Going Around the Bend

Author: Markow, Radiana

Subjects: American History; Adventure; Mississippi River

Age: 11, 12, 13, 14

Grade: 6, 7, 8, 9

Order code: 1668

Price: $14.99
Website price: $10.00

Class sets: 10 or more: $7.00 each.
Order code: 1668S

Going Around the Bend Cover

This novel is based on the real historical figure of Henry Miller Shreve.

Fifteen-year-old Henry has always loved the Ohio River, unlike his older brother, Israel, man of the house, who believes that a Quaker’s heart belongs on the farm. Now, with the farm in danger of foreclosure, Henry is sure that their only recourse is for him to become a wage earner, a riverman, moving cargo down the Ohio and Mississippi Rivers to New Orleans on a flatboat. He will run away from Israel’s farm, learn the river, and return with money to pay off their debt—a man in everyone’s eyes.

Henry’s problems begin on board when superstitious Pierre wants to kill him because a boy on crew would bring bad luck. Henry must learn to read the river and know the dangers that its beauty hides: a sheet of glass means a sandbar, beautiful ripples mean a sunken tree, and swirling white foam and eddies mean certain boat breakup. His hands bleed at the long oar, and he falls into the water, ashamed, but he perseveres. He learns to hunt turkeys and deer on land to restock the food supply. He battles Native Americans in hand-to-hand combat, is wounded, and has the presence of mind to save the longboat from an eddy by swimming against its current out to another boat in calm water with a rope to pull it free. Finally, the goods are delivered, and Henry is paid.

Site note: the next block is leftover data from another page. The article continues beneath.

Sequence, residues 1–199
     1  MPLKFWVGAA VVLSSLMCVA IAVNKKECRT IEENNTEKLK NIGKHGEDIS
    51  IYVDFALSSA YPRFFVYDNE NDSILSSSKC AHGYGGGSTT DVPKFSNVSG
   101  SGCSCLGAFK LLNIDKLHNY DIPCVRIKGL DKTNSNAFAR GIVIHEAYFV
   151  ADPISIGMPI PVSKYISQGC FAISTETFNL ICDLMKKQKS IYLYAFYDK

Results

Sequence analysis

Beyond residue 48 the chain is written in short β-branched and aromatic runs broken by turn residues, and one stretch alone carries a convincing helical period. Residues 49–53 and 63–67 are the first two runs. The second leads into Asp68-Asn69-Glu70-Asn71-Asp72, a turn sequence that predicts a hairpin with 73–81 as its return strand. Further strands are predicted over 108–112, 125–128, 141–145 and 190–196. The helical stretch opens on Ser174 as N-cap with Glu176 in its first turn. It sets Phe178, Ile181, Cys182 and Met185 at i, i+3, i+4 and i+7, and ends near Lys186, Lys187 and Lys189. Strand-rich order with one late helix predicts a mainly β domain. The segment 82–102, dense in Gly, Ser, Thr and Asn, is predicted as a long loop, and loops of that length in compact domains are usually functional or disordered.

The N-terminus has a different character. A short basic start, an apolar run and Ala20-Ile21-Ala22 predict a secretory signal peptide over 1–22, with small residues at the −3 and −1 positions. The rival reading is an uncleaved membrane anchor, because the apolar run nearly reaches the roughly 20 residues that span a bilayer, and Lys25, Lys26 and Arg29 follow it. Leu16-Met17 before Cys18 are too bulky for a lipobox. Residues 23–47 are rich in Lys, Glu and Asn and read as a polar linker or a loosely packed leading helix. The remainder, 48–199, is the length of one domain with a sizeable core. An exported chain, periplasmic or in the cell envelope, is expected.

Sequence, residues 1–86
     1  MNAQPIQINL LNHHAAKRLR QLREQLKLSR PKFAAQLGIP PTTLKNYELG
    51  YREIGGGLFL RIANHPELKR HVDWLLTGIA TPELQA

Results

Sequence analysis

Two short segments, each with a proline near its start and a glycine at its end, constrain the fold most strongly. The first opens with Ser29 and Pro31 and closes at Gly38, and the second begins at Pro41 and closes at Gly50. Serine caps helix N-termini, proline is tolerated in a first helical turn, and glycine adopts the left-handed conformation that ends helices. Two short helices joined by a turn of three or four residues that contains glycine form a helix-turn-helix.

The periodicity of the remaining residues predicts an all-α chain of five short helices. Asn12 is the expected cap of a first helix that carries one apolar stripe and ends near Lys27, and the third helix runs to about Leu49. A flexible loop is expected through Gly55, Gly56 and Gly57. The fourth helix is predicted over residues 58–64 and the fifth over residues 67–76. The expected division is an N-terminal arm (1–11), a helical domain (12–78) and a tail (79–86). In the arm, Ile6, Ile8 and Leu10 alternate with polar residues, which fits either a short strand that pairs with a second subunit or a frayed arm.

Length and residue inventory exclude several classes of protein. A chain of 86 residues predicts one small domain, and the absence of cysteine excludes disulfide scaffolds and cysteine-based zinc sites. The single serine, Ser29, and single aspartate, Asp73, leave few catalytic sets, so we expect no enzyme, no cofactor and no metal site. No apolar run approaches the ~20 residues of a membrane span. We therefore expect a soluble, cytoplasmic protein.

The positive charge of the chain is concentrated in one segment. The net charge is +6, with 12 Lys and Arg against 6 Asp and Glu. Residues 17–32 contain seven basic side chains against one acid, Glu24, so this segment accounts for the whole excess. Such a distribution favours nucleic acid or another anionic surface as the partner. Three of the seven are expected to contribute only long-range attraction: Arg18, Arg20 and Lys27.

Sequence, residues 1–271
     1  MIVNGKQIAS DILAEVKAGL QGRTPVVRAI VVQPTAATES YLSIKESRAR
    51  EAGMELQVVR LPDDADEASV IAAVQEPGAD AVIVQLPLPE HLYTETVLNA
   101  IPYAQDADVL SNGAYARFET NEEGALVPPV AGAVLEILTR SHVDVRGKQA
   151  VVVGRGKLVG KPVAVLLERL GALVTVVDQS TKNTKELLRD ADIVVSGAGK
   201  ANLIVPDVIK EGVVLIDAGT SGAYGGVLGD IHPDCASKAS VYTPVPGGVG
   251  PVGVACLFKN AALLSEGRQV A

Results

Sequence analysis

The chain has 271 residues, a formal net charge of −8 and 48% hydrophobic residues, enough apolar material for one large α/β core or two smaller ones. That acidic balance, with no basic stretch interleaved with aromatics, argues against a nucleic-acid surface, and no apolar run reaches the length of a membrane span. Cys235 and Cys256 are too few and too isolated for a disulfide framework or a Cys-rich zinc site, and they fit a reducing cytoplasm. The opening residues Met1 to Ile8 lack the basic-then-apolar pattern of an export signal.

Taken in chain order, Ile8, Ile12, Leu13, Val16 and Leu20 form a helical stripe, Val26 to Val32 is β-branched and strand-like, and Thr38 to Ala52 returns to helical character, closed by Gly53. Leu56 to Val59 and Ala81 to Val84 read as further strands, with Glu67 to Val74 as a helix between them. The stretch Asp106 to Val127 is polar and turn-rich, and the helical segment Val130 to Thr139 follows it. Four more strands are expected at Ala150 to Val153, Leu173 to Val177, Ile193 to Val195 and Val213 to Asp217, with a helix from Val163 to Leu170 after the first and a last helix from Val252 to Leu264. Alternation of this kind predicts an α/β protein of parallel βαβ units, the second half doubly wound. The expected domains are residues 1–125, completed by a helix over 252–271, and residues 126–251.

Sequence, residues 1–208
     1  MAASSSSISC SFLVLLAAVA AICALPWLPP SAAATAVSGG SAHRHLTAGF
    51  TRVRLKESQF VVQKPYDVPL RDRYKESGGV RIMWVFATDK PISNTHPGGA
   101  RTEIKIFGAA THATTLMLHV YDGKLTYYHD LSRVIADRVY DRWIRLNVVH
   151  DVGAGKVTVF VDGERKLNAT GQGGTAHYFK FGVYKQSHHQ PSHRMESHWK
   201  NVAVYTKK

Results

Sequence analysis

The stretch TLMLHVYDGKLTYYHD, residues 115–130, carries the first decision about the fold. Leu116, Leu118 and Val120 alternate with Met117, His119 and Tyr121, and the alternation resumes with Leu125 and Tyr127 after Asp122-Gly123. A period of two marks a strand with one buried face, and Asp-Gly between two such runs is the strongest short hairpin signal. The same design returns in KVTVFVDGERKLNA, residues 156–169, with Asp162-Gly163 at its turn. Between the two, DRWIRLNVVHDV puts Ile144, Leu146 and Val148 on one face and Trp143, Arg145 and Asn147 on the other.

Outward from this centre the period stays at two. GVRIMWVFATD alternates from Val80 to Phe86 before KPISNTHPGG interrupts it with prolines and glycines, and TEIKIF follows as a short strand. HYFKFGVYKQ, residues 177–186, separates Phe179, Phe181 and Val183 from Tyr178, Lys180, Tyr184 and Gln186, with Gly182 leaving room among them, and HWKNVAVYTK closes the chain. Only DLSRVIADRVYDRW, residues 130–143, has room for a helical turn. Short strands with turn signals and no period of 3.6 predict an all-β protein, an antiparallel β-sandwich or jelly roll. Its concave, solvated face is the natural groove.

Henry begins the dangerous walk home, upriver, along the Natchez Trace. Never had Henry dreamed of being attacked by pirates for his wages and being taken prisoner for sale to a sea-going captain, nor the days of thirst following his escape, nor the stinking swampland and being eaten alive by black flies.

Although he is duly welcomed home, Israel expects Henry to resume his farm chores. But Henry, now a riverman, speaks his mind—and Israel hears.

Henry Miller Shreve later spent his time between farming and working on the river. Eventually he captained his own keelboat and invented a double-decker steamboat and snagboat (a boat that removed sunken trees from the riverbed). For the first time, riverboats could steam upriver safely. Shreveport, Louisiana, is named for him.

This novel is based on the real historical figure of Henry Miller Shreve.

Fifteen-year-old Henry has always loved the Ohio River, unlike his older brother, Israel, man of the house, who believes that a Quaker’s heart belongs on the farm. Now, with the farm in danger of foreclosure, Henry is sure that their only recourse is for him to become a wage earner, a riverman, moving cargo down the Ohio and Mississippi Rivers to New Orleans on a flatboat. He will run away from Israel’s farm, learn the river, and return with money to pay off their debt—a man in everyone’s eyes.

Henry’s problems begin on board when superstitious Pierre wants to kill him because a boy on crew would bring bad luck. Henry must learn to read the river and know the dangers that its beauty hides: a sheet of glass means a sandbar, beautiful ripples mean a sunken tree, and swirling white foam and eddies mean certain boat breakup. His hands bleed at the long oar, and he falls into the water, ashamed, but he perseveres. He learns to hunt turkeys and deer on land to restock the food supply. He battles Native Americans in hand-to-hand combat, is wounded, and has the presence of mind to save the longboat from an eddy by swimming against its current out to another boat in calm water with a rope to pull it free. Finally, the goods are delivered, and Henry is paid.

Henry begins the dangerous walk home, upriver, along the Natchez Trace. Never had Henry dreamed of being attacked by pirates for his wages and being taken prisoner for sale to a sea-going captain, nor the days of thirst following his escape, nor the stinking swampland and being eaten alive by black flies.

Although he is duly welcomed home, Israel expects Henry to resume his farm chores. But Henry, now a riverman, speaks his mind—and Israel hears.

Henry Miller Shreve later spent his time between farming and working on the river. Eventually he captained his own keelboat and invented a double-decker steamboat and snagboat (a boat that removed sunken trees from the riverbed). For the first time, riverboats could steam upriver safely. Shreveport, Louisiana, is named for him.

Going Around the Bend Cover

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